Take Flight – Build a Kite

When I was a child—maybe six or seven years old—I wanted a kite so badly that I simply decided to make one. I built it with spare materials I had on hand armed with the certainty kites were vaguely diamond shaped with some stick-like bits in a cross—as I’d seen in Charlie Brown. As I recall, I used newspaper, drinking straws, magic tape, and thread.

It never flew. Frankly, it never stood a chance. But a week ago I decided to try my hand at it again—partly to conquer the memory of me running fruitlessly back and forth in my backyard dragging a sad bit of newsprint across the grass, but also to cement in my children’s minds that fun things like kites can be built instead of always bought. We can choose to make them how we want, by our own hand, and enjoy them doubly as toys and as trophies of making.

Having said that, I started the project without much more understanding of how kites are constructed than I did when I was seven. Thankfully, the internet is significantly more helpful now than it was back then and with minimal effort you can find countless kite-building websites, videos, and free kite plans for all types of kites. The type of kite I built is called a “delta.”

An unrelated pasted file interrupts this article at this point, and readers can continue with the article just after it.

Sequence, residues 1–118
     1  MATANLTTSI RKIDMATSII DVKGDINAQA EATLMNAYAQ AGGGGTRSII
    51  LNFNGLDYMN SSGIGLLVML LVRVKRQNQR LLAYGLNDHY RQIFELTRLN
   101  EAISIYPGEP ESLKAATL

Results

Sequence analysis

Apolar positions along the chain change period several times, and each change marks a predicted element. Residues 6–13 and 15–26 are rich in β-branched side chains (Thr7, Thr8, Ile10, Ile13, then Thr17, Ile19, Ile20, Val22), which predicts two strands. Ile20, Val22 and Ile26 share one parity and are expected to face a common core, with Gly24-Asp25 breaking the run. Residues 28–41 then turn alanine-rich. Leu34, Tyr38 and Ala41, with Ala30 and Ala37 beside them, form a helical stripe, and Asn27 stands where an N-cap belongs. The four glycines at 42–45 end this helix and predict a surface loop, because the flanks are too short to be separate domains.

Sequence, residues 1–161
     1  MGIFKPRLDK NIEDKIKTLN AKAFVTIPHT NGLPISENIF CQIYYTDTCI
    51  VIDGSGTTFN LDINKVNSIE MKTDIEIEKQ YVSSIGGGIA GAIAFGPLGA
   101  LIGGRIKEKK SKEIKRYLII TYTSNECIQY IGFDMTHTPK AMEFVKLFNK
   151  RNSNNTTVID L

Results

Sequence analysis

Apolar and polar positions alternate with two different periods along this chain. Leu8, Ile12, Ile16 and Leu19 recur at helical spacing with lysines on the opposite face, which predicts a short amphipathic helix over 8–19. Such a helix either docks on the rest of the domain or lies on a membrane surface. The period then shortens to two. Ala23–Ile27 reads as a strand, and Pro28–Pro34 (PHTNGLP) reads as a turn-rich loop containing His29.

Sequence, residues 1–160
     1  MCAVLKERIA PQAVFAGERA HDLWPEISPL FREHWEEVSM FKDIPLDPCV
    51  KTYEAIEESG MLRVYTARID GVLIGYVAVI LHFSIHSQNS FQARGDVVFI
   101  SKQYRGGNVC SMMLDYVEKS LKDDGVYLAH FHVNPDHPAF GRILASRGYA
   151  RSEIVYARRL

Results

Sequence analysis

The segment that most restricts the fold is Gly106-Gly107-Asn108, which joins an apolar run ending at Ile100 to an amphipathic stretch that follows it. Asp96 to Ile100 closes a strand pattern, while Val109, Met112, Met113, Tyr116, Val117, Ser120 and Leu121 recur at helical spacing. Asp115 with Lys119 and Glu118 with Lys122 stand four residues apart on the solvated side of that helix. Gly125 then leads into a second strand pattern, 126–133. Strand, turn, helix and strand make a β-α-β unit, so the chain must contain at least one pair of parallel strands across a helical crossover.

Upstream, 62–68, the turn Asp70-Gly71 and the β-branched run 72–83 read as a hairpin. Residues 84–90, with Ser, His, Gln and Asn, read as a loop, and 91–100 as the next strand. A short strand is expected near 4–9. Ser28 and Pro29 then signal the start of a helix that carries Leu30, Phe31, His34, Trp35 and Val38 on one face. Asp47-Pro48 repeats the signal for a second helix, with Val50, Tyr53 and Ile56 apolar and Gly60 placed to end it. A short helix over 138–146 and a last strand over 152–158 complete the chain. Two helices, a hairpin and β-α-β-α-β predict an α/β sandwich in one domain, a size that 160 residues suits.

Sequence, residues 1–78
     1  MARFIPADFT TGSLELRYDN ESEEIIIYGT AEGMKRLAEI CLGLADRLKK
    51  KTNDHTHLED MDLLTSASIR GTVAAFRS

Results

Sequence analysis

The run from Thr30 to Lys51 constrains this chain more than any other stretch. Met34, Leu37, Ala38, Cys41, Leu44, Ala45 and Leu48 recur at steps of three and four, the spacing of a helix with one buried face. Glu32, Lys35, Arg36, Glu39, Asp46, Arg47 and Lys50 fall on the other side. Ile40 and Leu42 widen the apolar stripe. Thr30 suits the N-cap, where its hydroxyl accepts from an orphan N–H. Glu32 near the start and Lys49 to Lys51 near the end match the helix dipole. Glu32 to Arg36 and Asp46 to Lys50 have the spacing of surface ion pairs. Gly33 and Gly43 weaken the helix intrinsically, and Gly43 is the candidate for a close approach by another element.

I constructed my kite out of blue and white ripstop nylon, which is both lightweight, has some flex to it, but is also fairly strong. The structural bits are small wooden dowels.

To achieve the striped pattern, I cut equal-sized triangles of the blue and white nylon, and then stitched them back together into a single rectangular sheet of nylon. From that, I cut out the kite’s two wings which are, in turn, stitched together to complete the pattern and final kite shape.

What probably took the most time was stitching and attaching little pockets for the wooden dowel skeleton. I’m not sure how long it all took me, but 5 hours is a safe bet. I’m torturously slow at sewing, apparently.

I’ve been chasing the wind ever since. Every day after work I look to see if there is enough action in the trees and then grab the kids to hit the schoolyard. So far, the wind has been sporadic—nothing sustained enough to really take the kite. So, I’ve inevitably ended up running back and forth across the schoolyard with my homemade kite in tow. I suppose I haven’t changed much in all these years after all…

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About Karl

Product designer. Game designer. Wolverine.
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4 Responses to Take Flight – Build a Kite

  1. monet says:

    it’s a pretty magnificent handmade kite.

  2. jaimigadaix says:

    what a great post, Karl! your kids are so lucky to have parents like you & Monet…both of you are so creative! i hope to meet you soon!

  3. Karl says:

    Aaaannnnnd I’ve already broken my kite.

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